Black Mountain Embrace Timeless Textures On ‘IV’ (ALBUM REVIEW)

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12471675_10154490678452571_5338786685787591542_oOver the past decade, Vancouver-based Black Mountain have never been afraid to experiment with their sound. While each of their past albums hold a nostalgic sound of the 70’s, each also have their own distinct personalities. Where their debut self-titled album referenced the music of early Rolling Stones and Jefferson Airplane, Black Mountain’s newest album IV is more akin to Pink Floyd and Black Sabbath.

“Mothers of the Sun” starts off the album with a single clipped note played repeatedly before an epic fuzzed out guitar riff plays over a wave of synth. As it draws to an abrupt halt the staccato note continues to play while front man Stephen McBean and co-vocalist Amber Webber trade off lines back and forth. As the rest of the instruments come back in and take the listener the rest of the way through the eight-and-a-half minute track, the tone of this album has been clearly set.

While the synthesizer has always been a presence on Black Mountain tracks, it is clearly in the driver seat for this album. “Defector” begins with a sci-fi sounding synth-walk that is joined by a Roger Waters-esque bassline and intertwining vocal harmonies that would not be out of place on any track off The Wall. “(Over and Over) The Chain” makes the most use of the instrument as it creates a near constant drone through the first half of the nine-minute jam. Appropriately, the lyrics are more of a chant that is repeated multiple times.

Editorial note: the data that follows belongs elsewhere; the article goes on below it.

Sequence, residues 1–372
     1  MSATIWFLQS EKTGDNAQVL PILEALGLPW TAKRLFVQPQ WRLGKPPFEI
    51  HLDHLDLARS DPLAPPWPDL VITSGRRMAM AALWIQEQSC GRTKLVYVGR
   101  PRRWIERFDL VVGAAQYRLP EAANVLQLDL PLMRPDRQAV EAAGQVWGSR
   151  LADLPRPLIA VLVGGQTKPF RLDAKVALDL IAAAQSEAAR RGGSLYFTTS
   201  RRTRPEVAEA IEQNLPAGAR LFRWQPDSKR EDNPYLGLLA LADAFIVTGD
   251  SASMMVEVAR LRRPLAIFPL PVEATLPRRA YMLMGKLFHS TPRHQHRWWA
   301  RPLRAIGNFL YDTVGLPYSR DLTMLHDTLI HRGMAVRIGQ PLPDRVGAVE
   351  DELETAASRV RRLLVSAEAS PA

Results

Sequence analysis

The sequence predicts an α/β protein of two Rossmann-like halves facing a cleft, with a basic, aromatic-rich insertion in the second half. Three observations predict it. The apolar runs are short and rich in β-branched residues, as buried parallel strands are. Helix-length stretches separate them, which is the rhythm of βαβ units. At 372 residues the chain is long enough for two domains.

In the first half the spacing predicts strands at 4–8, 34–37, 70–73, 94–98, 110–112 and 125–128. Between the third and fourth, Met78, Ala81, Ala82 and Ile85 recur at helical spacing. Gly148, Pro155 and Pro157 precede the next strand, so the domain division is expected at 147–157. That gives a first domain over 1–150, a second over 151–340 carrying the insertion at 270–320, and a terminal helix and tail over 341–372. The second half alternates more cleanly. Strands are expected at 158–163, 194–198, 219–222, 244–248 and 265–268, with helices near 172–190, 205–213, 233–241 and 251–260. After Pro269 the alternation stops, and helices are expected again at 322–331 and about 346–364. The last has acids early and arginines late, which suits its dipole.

That’s not to say that there are not upbeat tracks on this album. “Florian Saucer Attack” is more of the straight ahead rocker that brings to mind the punk rock styling of the late 70’s like The Clash and The Runaways. “Constellations” makes use of a KISS-esque guitar riff that provides an excellent vehicle for the alternating vocals of McBean and Webber as the synth carries the melody of the song.

The album closes with a pair of pensive tracks, “Crucify Me” and “Space To Bakersfield”. Easily the mellowest songs on the album, the dream pop composition of both tracks create a sort of nightcap for the musical journey IV takes you on. Each track feels like it is simultaneously from another era while still belonging firmly in our own. Black Mountain walks that fine line of musical nostalgia and creating something new. While some elements on IV can feel redundant of the past, the album as a whole keeps a timeless texture.

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